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      Instantaneous ion configurations in the K+ ion channel selectivity filter revealed by 2D IR spectroscopy.

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          Abstract

          Potassium channels are responsible for the selective permeation of K(+) ions across cell membranes. K(+) ions permeate in single file through the selectivity filter, a narrow pore lined by backbone carbonyls that compose four K(+) binding sites. Here, we report on the two-dimensional infrared (2D IR) spectra of a semisynthetic KcsA channel with site-specific heavy ((13)C(18)O) isotope labels in the selectivity filter. The ultrafast time resolution of 2D IR spectroscopy provides an instantaneous snapshot of the multi-ion configurations and structural distributions that occur spontaneously in the filter. Two elongated features are resolved, revealing the statistical weighting of two structural conformations. The spectra are reproduced by molecular dynamics simulations of structures with water separating two K(+) ions in the binding sites, ruling out configurations with ions occupying adjacent sites.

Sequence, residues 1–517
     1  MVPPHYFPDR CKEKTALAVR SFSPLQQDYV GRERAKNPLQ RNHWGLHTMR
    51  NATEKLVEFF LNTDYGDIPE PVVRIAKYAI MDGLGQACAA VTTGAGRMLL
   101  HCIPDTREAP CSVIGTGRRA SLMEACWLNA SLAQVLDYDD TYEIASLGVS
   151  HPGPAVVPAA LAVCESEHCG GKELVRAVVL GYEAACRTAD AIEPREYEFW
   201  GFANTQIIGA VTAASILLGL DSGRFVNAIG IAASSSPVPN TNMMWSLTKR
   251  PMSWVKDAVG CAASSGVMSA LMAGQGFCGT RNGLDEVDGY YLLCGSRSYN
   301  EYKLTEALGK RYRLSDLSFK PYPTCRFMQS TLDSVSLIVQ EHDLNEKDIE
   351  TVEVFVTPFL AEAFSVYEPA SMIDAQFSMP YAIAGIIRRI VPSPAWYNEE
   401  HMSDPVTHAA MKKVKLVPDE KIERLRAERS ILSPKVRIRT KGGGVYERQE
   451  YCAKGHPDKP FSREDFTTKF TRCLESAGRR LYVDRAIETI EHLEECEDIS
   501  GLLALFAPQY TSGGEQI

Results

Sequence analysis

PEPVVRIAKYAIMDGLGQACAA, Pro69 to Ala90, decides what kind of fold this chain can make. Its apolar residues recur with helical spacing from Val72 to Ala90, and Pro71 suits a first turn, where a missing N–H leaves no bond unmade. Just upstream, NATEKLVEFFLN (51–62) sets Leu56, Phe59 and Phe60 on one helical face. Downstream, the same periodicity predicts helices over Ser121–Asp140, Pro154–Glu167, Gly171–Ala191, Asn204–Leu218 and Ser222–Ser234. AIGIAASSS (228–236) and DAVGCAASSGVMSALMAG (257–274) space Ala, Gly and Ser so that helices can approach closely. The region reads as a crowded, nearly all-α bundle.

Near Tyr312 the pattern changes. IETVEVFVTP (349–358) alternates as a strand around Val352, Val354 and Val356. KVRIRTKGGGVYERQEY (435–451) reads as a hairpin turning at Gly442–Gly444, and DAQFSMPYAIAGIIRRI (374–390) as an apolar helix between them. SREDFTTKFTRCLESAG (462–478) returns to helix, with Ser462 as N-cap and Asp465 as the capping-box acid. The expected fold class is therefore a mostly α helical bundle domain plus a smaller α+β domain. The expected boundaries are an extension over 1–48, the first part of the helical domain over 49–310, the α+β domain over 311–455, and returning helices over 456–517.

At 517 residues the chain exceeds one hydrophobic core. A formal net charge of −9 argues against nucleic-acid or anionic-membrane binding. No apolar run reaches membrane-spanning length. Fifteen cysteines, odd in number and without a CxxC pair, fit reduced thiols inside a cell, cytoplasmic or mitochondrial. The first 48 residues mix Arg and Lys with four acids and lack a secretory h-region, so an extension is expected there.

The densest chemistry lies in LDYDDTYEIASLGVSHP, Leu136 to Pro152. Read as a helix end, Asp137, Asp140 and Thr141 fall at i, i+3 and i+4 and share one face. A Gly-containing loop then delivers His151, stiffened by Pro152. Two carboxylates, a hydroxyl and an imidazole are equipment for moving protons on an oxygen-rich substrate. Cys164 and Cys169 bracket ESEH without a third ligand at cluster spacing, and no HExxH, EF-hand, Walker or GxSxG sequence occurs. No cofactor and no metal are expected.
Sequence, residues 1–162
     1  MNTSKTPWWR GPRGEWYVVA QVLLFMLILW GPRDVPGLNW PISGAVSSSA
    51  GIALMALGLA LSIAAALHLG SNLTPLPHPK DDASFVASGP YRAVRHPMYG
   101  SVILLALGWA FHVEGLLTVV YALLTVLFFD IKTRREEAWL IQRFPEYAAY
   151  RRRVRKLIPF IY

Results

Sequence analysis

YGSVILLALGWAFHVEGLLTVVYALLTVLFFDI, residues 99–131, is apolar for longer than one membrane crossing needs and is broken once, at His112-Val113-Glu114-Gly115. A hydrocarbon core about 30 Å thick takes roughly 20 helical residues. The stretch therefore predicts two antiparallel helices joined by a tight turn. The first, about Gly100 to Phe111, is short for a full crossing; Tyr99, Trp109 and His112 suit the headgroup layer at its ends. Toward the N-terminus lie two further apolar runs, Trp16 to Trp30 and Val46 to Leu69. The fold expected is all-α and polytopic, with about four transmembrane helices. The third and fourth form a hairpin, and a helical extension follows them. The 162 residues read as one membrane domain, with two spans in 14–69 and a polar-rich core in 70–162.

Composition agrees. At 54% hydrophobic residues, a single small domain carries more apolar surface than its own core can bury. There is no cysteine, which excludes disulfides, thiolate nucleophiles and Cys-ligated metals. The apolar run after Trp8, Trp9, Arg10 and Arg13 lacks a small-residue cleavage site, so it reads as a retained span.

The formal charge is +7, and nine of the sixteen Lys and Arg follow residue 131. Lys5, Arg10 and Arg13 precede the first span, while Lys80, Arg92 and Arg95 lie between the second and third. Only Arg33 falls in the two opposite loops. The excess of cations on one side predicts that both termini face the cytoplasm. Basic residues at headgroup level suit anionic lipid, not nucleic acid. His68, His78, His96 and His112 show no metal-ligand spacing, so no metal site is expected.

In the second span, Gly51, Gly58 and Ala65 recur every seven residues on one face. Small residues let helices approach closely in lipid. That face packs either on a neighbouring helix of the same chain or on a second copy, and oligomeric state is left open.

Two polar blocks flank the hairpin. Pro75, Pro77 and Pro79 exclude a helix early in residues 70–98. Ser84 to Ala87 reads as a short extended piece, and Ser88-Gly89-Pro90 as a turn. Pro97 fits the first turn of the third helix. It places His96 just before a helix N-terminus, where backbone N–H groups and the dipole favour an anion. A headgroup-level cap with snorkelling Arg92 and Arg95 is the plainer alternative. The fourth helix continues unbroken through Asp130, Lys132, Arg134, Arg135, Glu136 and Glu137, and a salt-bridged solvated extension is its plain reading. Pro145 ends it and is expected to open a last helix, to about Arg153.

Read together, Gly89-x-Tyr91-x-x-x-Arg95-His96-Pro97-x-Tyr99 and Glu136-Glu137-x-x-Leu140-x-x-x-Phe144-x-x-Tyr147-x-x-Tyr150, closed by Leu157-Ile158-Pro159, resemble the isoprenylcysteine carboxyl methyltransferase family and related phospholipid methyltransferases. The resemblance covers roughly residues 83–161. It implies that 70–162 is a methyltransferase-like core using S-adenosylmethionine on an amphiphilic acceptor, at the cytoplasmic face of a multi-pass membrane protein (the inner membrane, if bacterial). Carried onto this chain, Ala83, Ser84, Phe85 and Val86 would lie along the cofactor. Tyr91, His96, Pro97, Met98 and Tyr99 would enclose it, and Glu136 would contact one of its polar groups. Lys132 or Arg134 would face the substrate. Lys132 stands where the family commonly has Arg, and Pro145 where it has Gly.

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          Author and article information

          Journal
          Science
          Science (New York, N.Y.)
          American Association for the Advancement of Science (AAAS)
          1095-9203
          0036-8075
          September 02 2016
          : 353
          : 6303
          Affiliations
          [1 ] Department of Chemistry, University of Wisconsin-Madison, Madison, WI 53706, USA.
          [2 ] Program in Chemical Biology, Department of Physiology and Pharmacology, Oregon Health and Science University, Portland, OR 97239, USA.
          [3 ] Department of Biochemistry and Molecular Biology, The University of Chicago, Chicago, IL 60637, USA.
          [4 ] Department of Biochemistry and Molecular Biology, The University of Chicago, Chicago, IL 60637, USA. eperozo@uchicago.edu roux@uchicago.edu valiyave@ohsu.edu zanni@chem.wisc.edu.
          [5 ] Program in Chemical Biology, Department of Physiology and Pharmacology, Oregon Health and Science University, Portland, OR 97239, USA. eperozo@uchicago.edu roux@uchicago.edu valiyave@ohsu.edu zanni@chem.wisc.edu.
          [6 ] Department of Chemistry, University of Wisconsin-Madison, Madison, WI 53706, USA. eperozo@uchicago.edu roux@uchicago.edu valiyave@ohsu.edu zanni@chem.wisc.edu.
          Article
          353/6303/1040 NIHMS884237
          10.1126/science.aag1447
          5544905
          27701114

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